INDIANAPOLIS (AP) – Adam Vinatieri is ready for anything he could encounter Sunday night in New England – cheers, jeers, chants and taunts, even a last-second kick. He’s content with it.

For the first time in his 11-year career, Vinatieri will play at Gillette Stadium not as one of the Patriots’ revered stars, but rather as one of those dreaded Indianapolis Colts. He figures fans will respond accordingly.

“I might have a few people give me a few cheers at the beginning, but I’m expecting once the game starts they are going to try to take the edge and that is probably yelling at us like every team does,” he said.

In 10 seasons with New England, fans embraced Vinatieri.

But when the NFL’s best clutch kicker left as a free agent in March, the reaction was split. Some fans felt betrayed more by Vinatieri’s decision to join the Patriots’ rival than by his departure. Others blamed the team for allowing him to walk away.

Sunday’s game gives New England fans another chance to flaunt their unique homecoming salute.

Last spring, when Johnny Damon returned to Fenway Park as a member of the New York Yankees, fans booed, chanted “traitor” and wore T-shirts that read:

“Looked Like Jesus.”

“Throws Like Mary.”

“LOYAL Like Judas.”

“Johnny B GONE!”

It’s doubtful Vinatieri’s return will create that much animosity, because the Colts-Pats series pales in comparison to the hatred between the Red Sox and Yankees.

As, perhaps, a subtle message that he’s still a New Englander at heart, Vinatieri walked into the Colts’ locker room Wednesday wearing a Red Sox hat. And ex-teammates expect Vinatieri to get a warmer reception than most former players.

“I don’t think he’ll get booed. He’s done too many good things here,” punter Josh Miller said. “I’m sure if he does get booed, every person that’s booing would love to have him over for dinner.”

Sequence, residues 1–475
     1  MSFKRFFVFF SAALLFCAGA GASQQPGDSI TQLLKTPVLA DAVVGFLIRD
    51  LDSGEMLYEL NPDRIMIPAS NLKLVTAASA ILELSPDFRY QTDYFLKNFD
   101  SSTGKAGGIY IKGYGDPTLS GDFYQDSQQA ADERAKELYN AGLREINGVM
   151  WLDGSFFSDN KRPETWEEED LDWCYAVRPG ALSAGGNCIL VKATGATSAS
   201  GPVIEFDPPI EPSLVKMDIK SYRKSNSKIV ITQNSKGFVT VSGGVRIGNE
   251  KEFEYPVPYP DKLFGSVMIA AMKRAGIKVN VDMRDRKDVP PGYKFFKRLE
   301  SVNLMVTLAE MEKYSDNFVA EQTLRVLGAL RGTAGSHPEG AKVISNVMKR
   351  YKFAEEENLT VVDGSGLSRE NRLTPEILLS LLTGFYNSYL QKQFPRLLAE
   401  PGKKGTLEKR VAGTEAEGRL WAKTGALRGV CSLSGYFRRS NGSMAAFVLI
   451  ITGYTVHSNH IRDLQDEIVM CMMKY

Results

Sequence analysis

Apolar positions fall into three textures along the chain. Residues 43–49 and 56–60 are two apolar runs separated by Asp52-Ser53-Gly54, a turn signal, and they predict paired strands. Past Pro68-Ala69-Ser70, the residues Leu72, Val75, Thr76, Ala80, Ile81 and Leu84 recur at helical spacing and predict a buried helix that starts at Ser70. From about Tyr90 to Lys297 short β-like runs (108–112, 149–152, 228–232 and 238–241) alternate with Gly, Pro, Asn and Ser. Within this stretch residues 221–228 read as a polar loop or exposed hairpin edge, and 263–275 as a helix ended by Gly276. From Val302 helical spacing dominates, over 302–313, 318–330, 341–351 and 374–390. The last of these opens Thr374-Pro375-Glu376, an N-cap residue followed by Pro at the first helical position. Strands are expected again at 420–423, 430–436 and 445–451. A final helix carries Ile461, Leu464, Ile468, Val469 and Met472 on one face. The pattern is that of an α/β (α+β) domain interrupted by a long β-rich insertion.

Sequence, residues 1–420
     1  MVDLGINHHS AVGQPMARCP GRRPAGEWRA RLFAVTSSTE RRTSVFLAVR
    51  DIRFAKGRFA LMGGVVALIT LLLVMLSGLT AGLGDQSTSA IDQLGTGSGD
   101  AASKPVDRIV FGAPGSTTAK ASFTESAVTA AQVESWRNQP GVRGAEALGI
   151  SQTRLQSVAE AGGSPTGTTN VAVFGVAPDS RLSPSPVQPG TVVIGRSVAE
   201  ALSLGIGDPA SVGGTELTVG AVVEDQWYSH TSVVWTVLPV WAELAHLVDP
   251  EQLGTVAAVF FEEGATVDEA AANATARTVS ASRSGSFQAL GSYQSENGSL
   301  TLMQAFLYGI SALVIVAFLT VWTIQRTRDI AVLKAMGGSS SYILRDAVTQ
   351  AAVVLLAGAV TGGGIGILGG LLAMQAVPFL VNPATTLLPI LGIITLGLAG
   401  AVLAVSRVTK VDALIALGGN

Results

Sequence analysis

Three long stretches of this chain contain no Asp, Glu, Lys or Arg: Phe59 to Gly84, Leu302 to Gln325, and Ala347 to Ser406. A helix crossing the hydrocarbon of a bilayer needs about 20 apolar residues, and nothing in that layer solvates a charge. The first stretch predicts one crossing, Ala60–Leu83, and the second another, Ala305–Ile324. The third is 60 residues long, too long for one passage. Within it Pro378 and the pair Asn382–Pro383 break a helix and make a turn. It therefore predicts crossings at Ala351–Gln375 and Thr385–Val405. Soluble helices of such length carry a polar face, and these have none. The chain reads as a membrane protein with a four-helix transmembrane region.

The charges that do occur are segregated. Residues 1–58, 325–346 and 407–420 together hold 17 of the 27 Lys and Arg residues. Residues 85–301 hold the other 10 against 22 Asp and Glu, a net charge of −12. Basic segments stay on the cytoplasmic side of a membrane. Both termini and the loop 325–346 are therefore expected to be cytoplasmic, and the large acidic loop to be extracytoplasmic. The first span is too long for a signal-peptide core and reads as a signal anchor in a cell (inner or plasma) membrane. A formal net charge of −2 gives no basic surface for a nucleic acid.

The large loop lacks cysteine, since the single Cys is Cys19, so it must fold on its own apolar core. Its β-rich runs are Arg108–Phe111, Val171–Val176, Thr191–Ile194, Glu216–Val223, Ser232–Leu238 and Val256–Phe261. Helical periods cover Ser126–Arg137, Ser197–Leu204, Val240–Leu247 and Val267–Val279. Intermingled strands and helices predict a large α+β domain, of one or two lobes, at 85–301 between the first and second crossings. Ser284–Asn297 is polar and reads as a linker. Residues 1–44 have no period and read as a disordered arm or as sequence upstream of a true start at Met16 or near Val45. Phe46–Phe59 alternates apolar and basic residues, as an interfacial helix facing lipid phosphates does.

Vinatieri has tried to downplay the tension by constantly describing his departure as a business move for both sides.

Early in training camp, though, he referred to New England only as “my former team.” He also acknowledged the Patriots had opportunities to re-sign him, and when they opted out of the sweepstakes, he wasted no time in joining another Super Bowl contender.

“I don’t think it was a lack of interest. I just think their philosophy is what their philosophy is,” Vinatieri said Wednesday. “I don’t want to say that they probably didn’t want me back, I just think that their decision-making … I don’t know.”

Vinatieri’s tone has changed over the past couple of months as he’s grown more accustomed to life in Indy.

Patriots coach Bill Belichick hasn’t said much about one of his more controversial decisions. When asked about his own memories of Vinatieri this week, Belichick responded in his customarily short manner, failing to mention either of Vinatieri’s Super Bowl winning kicks or the two kicks he made in a snowstorm against Oakland that ignited the Patriots’ first Super Bowl run.

“He made a lot of good plays for this team,” Belichick said. “They were all important.”

Other Patriots remember Vinatieri more fondly.

He’s played phone tag with punter Miller, Vinatieri’s holder the last two seasons, and safety Rodney Harrison said he still respects the kicker who helped New England earn its reputation as this decade’s most formidable team.

“The respect and love is always there for him, and I know the fans love him a lot,” said Harrison, known best for his hard hits. “He’s directly responsible for us winning three Super Bowls.”

So far, the decision has worked out for both teams.

Vinatieri has made 14 straight field goals, despite missing the first three games of his career, and was voted AFC special teams player of the week after making a last-second field goal at Denver last Sunday to keep the South Division-leading Colts perfect at 7-0.

Rookie Stephen Gostkowski is 6-of-9 on field goals and 21-of-21 on extra points to help the Patriots (6-1) take early control in the AFC East.

But if it comes down to another last-second kick on Gillette Stadium’s newly installed grass, the Colts will take their chances with Mr. Clutch – something the Patriots haven’t forgotten.

“I don’t want to put him in a position to kick a game-winning field goal,” four-time Pro Bowl defensive tackle Richard Seymour said. “Obviously, you want to keep Adam out of that situation, because the odds are not in our favor. … We all wish Adam success, but not this week.”

AP-ES-11-02-06 1601EST


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